He wound up again and fired a low fastball. I watched it all the way and could see it was low. So low was the pitch I swear it hit the ground as the catcher scooped his glove down, dust a flying, as he snatched it into his oversized mitt. I was ready for the final showdown with the count coming full. STIIIIRRRRRIIIIIIIKKKKKKEEEEE THREEEEE shouted the umpire!
I could not believe it. I shouted no way! The umpire glared at me and it seemed as if he had two horns and tail as he held his hand up with the out signal. In a blink of a moment, I slammed my bat into the plate. The umpire mouthed words in slow-motion voice you hear and see in movies, ‘that was a strike son’. He pointed to the bench for me to get out of the batter’s box. I picked up my bat, slumped my shoulders and headed to the bench. ‘Nice try Joey’, said my coach, people from the stands were cursing at the umpire which made me feel a little better. But, it was more than I could handle.
I stomped over to the bench, sat down, put my head between my legs, and started bawling. Moments later the next batter made an out and the game was over. As the tears were flowing from my eyes, I heard the voice with a sound that would haunt me for decades, from my Dad. All 5’5 of him stood up in the stands which were behind our bench. He shouted loud enough for everyone to hear, ‘get up you big baby and quit crying and act like a man’. “You get over there right now and congratulate the other team, we do not have sore losers in this family.’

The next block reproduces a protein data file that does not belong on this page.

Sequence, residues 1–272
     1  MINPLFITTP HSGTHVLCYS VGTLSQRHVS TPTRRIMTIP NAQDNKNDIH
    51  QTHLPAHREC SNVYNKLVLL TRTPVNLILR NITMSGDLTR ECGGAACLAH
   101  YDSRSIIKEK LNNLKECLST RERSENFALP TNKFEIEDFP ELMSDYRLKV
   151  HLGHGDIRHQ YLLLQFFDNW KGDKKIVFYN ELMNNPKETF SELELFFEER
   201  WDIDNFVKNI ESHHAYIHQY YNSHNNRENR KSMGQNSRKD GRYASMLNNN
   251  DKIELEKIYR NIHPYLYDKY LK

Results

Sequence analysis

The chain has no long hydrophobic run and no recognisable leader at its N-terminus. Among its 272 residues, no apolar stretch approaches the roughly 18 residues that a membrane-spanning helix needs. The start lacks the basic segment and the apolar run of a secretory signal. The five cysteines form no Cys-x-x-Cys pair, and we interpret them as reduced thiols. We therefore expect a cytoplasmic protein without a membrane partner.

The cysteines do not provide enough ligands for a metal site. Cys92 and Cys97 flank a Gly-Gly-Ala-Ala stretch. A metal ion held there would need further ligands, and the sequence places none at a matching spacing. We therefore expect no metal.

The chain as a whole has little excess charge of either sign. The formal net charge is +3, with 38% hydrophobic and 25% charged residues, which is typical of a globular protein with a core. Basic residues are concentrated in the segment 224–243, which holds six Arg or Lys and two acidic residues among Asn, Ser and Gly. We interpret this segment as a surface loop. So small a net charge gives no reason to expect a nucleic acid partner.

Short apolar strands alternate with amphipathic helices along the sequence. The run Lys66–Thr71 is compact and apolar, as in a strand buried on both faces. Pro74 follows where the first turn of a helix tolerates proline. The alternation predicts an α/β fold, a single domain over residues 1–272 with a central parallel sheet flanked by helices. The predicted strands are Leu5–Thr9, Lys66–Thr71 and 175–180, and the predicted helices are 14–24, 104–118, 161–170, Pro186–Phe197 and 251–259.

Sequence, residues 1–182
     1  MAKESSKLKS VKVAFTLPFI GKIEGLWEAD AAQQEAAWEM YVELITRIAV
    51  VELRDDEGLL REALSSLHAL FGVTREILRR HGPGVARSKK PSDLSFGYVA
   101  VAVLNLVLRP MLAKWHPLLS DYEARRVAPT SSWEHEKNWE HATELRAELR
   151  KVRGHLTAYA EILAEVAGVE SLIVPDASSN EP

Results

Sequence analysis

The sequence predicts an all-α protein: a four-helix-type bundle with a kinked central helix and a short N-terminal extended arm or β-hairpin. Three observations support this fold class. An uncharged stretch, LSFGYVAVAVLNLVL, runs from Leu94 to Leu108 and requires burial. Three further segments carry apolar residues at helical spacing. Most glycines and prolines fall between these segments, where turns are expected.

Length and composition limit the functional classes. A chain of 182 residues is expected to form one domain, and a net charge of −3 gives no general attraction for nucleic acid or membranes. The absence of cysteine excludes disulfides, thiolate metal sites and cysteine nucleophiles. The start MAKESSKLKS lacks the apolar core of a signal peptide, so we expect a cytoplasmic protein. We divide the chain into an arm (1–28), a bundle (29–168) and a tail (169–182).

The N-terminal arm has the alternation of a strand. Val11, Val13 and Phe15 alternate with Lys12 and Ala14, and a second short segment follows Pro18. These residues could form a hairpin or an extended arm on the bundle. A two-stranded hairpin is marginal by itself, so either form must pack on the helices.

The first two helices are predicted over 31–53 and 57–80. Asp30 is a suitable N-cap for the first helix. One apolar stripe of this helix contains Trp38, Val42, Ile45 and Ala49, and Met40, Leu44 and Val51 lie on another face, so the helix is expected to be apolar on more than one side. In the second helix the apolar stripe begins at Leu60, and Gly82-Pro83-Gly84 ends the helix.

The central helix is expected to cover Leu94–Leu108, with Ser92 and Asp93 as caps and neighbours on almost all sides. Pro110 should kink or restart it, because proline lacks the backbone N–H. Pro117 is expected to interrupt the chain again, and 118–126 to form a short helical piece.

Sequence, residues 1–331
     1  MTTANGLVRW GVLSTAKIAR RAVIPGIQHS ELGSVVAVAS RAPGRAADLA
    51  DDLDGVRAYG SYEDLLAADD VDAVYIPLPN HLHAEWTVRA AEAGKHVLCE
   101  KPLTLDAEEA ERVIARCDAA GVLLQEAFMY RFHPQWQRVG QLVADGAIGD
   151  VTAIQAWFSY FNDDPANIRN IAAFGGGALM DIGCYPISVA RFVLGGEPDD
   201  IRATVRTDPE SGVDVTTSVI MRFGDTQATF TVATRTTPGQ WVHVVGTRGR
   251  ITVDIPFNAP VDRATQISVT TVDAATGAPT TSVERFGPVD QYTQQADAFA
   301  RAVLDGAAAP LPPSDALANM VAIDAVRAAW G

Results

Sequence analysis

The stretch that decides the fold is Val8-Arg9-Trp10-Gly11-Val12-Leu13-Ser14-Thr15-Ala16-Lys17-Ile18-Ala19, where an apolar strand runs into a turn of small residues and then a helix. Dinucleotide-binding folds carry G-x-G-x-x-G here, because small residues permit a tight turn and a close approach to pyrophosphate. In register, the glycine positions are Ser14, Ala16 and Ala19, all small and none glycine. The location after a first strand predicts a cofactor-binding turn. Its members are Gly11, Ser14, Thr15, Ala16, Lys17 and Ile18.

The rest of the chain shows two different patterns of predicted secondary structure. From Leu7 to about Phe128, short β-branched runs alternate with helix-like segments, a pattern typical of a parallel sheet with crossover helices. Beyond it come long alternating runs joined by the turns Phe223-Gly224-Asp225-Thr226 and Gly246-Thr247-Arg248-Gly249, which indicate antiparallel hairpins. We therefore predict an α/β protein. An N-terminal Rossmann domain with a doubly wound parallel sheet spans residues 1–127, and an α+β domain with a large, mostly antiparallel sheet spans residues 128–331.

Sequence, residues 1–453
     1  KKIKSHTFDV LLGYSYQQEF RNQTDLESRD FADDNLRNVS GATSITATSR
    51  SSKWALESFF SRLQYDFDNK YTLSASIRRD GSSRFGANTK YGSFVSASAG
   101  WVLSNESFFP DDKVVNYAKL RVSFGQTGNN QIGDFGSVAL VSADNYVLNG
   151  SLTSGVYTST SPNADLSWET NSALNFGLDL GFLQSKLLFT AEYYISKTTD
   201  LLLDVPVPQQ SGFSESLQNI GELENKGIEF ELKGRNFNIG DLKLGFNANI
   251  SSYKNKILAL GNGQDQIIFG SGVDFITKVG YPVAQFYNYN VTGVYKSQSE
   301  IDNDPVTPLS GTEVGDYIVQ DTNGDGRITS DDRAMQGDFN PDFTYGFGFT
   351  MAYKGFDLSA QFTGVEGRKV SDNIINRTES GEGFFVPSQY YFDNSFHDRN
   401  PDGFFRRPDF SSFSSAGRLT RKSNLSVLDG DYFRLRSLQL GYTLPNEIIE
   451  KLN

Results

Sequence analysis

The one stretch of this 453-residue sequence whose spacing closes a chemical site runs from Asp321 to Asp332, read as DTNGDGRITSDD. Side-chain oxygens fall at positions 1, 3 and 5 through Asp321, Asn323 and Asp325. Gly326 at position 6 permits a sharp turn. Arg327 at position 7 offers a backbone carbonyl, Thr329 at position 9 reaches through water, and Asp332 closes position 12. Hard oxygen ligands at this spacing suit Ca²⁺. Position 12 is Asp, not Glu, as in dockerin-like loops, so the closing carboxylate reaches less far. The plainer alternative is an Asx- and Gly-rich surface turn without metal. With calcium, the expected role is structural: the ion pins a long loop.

I was incredulously shocked, embarrassed, and ashamed beyond anything. I could hear my Mom say ‘Louie stop’, I had no idea what others thought or said as I picked myself up and wiped the tears away. I toughened up on the spot, walked over to the other team, and shook their hands. The whole scene was a like a blurry movie in my mind and would be repeated many times thereafter. We did not talk about it in the car as we rode home in silence. Not one word was spoken.
Three days later we had a ‘skull session’ at our coaches house where he gave a speech to the rest of the team. He said, ‘caring so much that it brings tears to you from trying so hard is OK.’ He pointed out and said, ‘we all know what happened with one of our player’s parents, I don’t want any of you to feel that there is anything wrong with feeling disappointment.’ It was only then that I realized it was not a bad dream but had really happened. I thought I was ‘the problem’ until hearing my coach tell a completely different story. Still, it did not help much. It was not until I was married and we had our third miscarriage, twenty years later, that I shed a single tear again.